DHDA urges Ireland to grasp digital opportunity to save itself

27 Jul 2011

The Digital Hub Development Authority (DHDA) has urged Ireland to grasp the economic and social opportunities presented by the internet, which is no longer a novelty but a serious business enabler. In its annual report, income in 2010 dropped to €4.2m from €4.4m a year earlier.

In its 2010 annual results, the DHDA revealed that exchequer grants to the agency increased to €2.2m from €1.7m a year earlier. Expenditure, including staff-related costs, declined to €3.9m from €4.7m a year earlier.

The agency’s asset base, including development assets, investment properties and assets under construction, declined from €52m in 2009 to €14.9m in 2010. Current liabilities are down to €1.3m from €1.9m in 2009.

Net cash inflow declined to €1.8m from €2m in 2009.

DHDA chief executive Philip Flynn took the opportunity to urge the State to consider the cost savings, time efficiencies and service improvements that could be delivered by public and private-sector organisations through increased use of the internet and digital media technologies.

He pointed out that only 20pc of SMEs in Ireland are active on the internet and transacting via e-commerce compared with 40pc of their counterparts in the UK. Irish people spend €3bn online per annum, with €2bn of this being spent on products and services that originate outside the country.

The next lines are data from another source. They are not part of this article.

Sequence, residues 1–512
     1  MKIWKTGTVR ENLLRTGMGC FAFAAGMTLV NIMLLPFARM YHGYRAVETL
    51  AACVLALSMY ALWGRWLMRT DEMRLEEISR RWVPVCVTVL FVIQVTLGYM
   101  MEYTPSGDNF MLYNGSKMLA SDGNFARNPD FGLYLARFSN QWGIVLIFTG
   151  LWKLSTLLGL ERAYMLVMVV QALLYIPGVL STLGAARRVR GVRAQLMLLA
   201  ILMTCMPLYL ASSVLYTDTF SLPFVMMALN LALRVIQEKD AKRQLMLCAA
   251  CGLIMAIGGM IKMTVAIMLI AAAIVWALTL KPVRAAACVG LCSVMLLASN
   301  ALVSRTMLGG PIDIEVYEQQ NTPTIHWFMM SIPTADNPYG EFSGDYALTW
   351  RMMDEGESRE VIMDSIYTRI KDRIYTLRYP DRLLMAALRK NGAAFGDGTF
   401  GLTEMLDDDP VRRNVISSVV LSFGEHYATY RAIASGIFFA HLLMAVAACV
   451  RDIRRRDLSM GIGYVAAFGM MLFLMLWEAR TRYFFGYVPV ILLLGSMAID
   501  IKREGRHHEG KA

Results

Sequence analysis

What we owe to younger generations

“We see no reason why this imbalance cannot be redressed quite quickly through targeted stimulus programmes to get new businesses online and support existing SMEs to expand their online presence. 

“Younger generations – who have grown up with the internet and cannot imagine a world without it – expect to be able to conduct almost all transactions online. And, indeed, people of all ages now want convenience and choice when it comes to their interaction with public and private-sector organisations. 

“While there are notable exceptions, public institutions and SMEs in Ireland generally have been slow to capitalise on the potential offered by the internet. We need to convince them that they can save time and money – and offer a better service – through the use of online tools,” he said.

Flynn cited a number of basic ways in which public and private-sector organisations can use the internet to offer better services and achieve efficiencies, including:

  • First and foremost, making products and services available to purchase online, where feasible – and in the public sector delivering services more conveniently through the use of online tools.
  • Capitalising on the pervasive use of social media to interact better with customers; to attract new business from new global markets; to build and sustain a loyal community of customers and clients; and to engage more effectively with members of the public.
  • Increased use of ‘webinars’, virtual meetings and conference calls to cut back on meeting costs and travel expenses. 
  • Making calls via the internet (VoIP), rather than through traditional telephone lines, to avail of cheaper rates.

Internet no longer a novelty but a serious business platform

“These aren’t revolutionary suggestions and many organisations are already employing some of these measures,” he said.

“But what we need to see is the use of online tools integrated across all business functions and mainstreamed throughout our public and private sectors. 

“Digital content and digital platforms continue to expand globally and, in particular, there has been explosive growth in the use of mobile applications and services. People have come to expect ongoing technological innovation, increased portability of technology and services, and the best possible value for money,” Flynn urged.

John Kennedy is a journalist who served as editor of Silicon Republic for 17 years